To make sure thermal zones and their parameters are defined accurately, system designers should:

  • Identify hot spots in the system's chassis, and determine how these hot spots dissipate heat to the temperature sensors. (Ideally, thermal sensors are sitting at the hot spots on the system, except for skin temperature sensors.)
  • Characterize the system's temperature relationship. Map the temperature sensor readings to the component temperature and the skin temperature.

Implementing ACPI objects

The following table lists all ACPI objects that need to be implemented in ACPI firmware to define a thermal zone.

CategoryControl method
Identify the devices contained within the zone

_TZD

Lists the devices in the thermal zone.

_PSL

(Optional) Lists the processors in the thermal zone. Processors may be included in _TZD instead—Windows supports both implementations.

Specify thermal thresholds at which actions must be taken

_PSV

The temperature at which to start throttling. For more information, see Defining a thermal envelope.

_HOT

(Optional) The temperature at which the operating system hibernates the system. For systems that do not support hibernate, the operating system will initiate critical shutdown. This is highly recommended for at least one thermal zone for all x86/x64 systems because of the benefit of hibernate to save user data.

_CRT

The temperature at which the operating system initiates critical shutdown. No user-mode notification. At least one thermal zone on a system must have _CRT specified. If not, the system does not go through the shutdown path when the system reaches critical temperature. Instead, the firmware fail-safe trip point is reached and the power is likely pulled from under the operating system.

Describe passive cooling behavior

_TC1

Control how aggressively the thermal manager applies thermal throttling performance against temperature change.

_TC2

Control how aggressively the thermal manager applies thermal throttling performance against temperature delta between the current temperature and _PSV.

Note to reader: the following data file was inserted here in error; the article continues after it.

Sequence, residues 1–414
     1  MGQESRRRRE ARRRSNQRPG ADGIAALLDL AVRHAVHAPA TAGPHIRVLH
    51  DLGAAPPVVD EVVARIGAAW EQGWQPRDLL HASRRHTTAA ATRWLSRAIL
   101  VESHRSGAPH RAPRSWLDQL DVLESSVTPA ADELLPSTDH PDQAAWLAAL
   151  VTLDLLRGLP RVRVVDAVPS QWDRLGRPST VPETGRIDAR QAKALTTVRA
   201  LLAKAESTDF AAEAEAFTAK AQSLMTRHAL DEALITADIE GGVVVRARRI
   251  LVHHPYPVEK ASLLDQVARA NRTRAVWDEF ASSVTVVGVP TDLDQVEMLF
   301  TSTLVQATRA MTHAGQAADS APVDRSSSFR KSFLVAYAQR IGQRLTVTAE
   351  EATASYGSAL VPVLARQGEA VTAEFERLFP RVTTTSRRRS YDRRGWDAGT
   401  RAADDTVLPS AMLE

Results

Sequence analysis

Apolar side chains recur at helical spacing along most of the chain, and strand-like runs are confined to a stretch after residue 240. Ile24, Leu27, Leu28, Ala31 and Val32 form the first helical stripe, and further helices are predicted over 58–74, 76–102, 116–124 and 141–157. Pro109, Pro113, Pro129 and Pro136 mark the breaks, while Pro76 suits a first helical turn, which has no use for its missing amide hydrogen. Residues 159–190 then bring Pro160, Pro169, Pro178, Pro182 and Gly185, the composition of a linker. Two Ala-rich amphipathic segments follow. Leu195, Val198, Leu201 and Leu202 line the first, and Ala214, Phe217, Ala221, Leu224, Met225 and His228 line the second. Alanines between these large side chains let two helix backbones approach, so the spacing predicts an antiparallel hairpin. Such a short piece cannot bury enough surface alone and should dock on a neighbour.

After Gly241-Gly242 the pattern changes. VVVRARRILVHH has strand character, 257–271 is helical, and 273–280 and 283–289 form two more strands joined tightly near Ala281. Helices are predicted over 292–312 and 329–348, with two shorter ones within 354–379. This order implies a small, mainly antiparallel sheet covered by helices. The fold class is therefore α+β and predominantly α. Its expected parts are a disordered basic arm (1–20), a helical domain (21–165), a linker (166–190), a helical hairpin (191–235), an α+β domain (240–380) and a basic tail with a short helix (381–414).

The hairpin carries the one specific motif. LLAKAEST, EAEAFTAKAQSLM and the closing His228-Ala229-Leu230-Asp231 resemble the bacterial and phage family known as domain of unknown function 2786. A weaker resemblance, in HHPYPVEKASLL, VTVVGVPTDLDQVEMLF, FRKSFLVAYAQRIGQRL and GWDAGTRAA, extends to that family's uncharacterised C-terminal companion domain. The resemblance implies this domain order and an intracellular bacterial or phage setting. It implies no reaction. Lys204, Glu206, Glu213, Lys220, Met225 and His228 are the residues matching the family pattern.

_TSP

Appropriate temperature sampling interval for the zone in tenths of a second. The thermal manager uses this interval to determine how often it should evaluate the thermal throttling performance. Must be greater than zero. For more information, see Thermal throttling algorithm.

Describe active cooling behavior

_ACx

(Optional) The temperature at which to turn on fan. Must be in order of greatest to least, with _AC0 being greatest.

_ALx

List of active cooling devices.

Set active / passive cooling policy

_SCP

(Optional) To set the user's preferred cooling policy, if both active and passive cooling are supported by a zone.

Minimum Throttle Limit

_DSM

Use UUID: 14d399cd-7a27-4b18-8fb4-7cb7b9f4e500 to set minimum throttle limit. Note that this is custom to Windows thermal framework and is not defined in ACPI. For more information, see Minimum throttle limit.

Report temperature

_TMP

Read the temperature of the thermal zone.

_HID

A vendor-unique hardware identifier to load the Windows temperature driver.

_DTI

(Optional) For notifying the platform firmware that one of the zone's thermal thresholds has been exceeded. This method enables the firmware to implement hysteresis by changing the zone's thresholds.

_NTT

(Optional)For specifying significant temperature changes that the platform firmware should also be notified of via _DTI.

Notify the thermal manager

Notify 0x80

Notifies the operating system that the threshold (_PSV) has been exceeded. The Windows thermal manager will commence thermal control.